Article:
You start off by being indoctrinated into the facilities through a black and white television screen, after witnessing a gruesome scene of some scientists ripping the night vision goggles off of a deceased test subject and then drilling them onto you. Get ready for tons of gore because blood will be shed. The game then throws you into a straightforward tutorial level, where you get familiar with all the basic mechanics, including walking, running, hiding, peeking, using the goggles to look in the dark, crouching etc. It’s not long until you are introduced to one of the main antagonists, Mother Gooseberry, a demented children’s show host who sometimes speaks through her ventriloquist duck puppet. Boy oh boy does she make a grand entrance by throwing another subject straight into a grinder after babbling about being a disappointed mother. Creepy vibes all around!
Once you complete the tutorial trial, you return to a hub area where you can visit different vendors for various upgrades and even partake in silly arm wrestling competitions with other inmates. To distinguish yourself among many other test subjects, you can customize the personal look of your character with different face shapes, hairstyles, goggles, and voices. Various cosmetics are also unlocked as you progress through the game, including different shirts, pants, and outfits. You even get a personal prison-cell-like room to customize with posters and trophies when you’re not busy fighting for your life in the gruesome experiments. As you level up your character, you gain access to more shops that provide further aid for you in the field.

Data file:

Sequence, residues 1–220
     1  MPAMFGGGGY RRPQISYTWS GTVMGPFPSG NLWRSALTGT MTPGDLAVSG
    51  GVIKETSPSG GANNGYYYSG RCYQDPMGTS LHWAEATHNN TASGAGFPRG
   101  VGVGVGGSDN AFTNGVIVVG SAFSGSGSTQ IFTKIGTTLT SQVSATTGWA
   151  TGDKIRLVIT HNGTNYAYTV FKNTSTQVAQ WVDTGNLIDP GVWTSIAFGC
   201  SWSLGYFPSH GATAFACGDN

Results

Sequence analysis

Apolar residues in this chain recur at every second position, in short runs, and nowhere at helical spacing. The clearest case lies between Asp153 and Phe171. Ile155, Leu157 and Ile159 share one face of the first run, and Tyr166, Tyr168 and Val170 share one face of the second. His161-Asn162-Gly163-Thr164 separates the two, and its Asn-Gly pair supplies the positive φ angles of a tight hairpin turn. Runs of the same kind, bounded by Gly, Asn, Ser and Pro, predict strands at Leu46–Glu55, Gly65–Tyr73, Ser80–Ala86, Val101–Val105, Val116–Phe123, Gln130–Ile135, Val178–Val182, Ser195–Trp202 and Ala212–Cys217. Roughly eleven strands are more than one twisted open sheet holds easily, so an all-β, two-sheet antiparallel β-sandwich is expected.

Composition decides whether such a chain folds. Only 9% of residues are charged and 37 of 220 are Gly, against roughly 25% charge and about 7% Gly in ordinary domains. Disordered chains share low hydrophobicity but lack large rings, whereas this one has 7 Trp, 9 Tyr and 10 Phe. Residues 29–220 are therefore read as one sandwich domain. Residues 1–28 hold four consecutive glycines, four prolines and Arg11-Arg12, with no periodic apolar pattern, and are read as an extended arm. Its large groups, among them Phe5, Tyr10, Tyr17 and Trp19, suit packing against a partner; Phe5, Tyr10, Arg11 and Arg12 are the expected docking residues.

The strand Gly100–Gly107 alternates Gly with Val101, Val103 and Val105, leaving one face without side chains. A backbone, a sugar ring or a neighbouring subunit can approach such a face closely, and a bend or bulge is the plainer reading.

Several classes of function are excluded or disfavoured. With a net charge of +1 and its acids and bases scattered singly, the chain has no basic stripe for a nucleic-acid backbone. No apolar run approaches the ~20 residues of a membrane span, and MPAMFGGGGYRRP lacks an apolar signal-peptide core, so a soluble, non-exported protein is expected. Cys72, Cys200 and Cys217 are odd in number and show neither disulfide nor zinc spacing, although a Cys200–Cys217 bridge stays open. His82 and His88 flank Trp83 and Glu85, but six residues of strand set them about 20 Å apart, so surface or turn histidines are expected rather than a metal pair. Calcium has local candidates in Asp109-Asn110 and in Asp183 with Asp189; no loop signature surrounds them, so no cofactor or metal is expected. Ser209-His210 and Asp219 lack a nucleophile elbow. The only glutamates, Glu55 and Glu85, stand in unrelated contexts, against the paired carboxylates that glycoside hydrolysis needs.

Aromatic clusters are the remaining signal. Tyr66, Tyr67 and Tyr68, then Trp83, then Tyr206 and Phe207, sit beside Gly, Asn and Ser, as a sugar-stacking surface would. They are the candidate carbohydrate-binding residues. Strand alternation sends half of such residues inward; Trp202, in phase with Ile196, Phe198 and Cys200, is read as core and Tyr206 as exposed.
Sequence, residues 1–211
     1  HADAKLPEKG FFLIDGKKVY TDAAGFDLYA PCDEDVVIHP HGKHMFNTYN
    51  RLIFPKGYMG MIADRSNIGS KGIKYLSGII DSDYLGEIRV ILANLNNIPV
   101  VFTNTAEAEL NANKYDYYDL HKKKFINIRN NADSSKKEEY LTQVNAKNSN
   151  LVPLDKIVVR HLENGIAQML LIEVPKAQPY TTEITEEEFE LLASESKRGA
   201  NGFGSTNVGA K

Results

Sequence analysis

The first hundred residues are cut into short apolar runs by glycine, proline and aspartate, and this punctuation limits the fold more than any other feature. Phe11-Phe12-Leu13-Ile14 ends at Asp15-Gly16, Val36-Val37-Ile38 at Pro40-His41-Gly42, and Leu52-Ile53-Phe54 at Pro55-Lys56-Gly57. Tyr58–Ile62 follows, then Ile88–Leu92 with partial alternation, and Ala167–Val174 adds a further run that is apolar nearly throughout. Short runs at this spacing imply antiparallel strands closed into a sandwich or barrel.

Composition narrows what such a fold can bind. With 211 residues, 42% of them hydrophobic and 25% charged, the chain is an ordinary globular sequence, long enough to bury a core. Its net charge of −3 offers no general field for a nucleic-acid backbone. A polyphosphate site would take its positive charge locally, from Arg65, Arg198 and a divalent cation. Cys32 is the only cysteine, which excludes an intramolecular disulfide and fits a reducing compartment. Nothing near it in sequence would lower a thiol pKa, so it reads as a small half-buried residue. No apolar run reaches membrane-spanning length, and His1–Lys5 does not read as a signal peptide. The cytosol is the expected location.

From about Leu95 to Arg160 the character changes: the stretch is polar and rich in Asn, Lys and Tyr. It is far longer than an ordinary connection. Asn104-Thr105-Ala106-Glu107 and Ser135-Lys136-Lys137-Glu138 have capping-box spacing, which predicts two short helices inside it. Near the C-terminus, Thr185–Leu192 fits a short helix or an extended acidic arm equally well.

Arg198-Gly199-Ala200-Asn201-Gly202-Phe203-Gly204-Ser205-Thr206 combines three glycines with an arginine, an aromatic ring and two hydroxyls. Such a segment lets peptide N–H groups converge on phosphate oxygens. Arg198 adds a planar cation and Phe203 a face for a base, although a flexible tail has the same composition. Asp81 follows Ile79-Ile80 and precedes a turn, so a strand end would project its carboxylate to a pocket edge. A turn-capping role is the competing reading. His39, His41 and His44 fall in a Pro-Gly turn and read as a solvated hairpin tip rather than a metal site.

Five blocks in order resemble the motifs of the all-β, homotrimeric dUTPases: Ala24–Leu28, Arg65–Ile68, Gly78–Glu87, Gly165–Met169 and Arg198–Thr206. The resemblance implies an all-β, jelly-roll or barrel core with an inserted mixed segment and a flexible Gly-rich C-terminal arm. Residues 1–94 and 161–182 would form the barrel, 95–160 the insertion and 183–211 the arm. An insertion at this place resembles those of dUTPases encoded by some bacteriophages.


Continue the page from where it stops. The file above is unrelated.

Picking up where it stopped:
So far in Early Access there are three complete trials, each featuring a distinct location, ranging from a derelict police station to an abandoned theme park. Every trial includes a set of sub-missions to complete, with a wide range of objectives. I won’t spoil some of the later ones but the first level in the police station revolves around finding and electrocuting a snitch. After finishing the aforementioned three levels, you unlock Program X, which is a final test that allows you to earn your way to freedom if you pass. Every trial contains a main objective and side objective for you to accomplish, and it is up to you how you approach the situation. Stealth remains the optimal solution considering you cannot fight your enemies head on, but there are plenty of different strategies to come up with for any given scenario. Do you gun right for the other room to actively distract the enemy while your team goes for the objective, or do you take things slow and quiet so as to not alert anyone?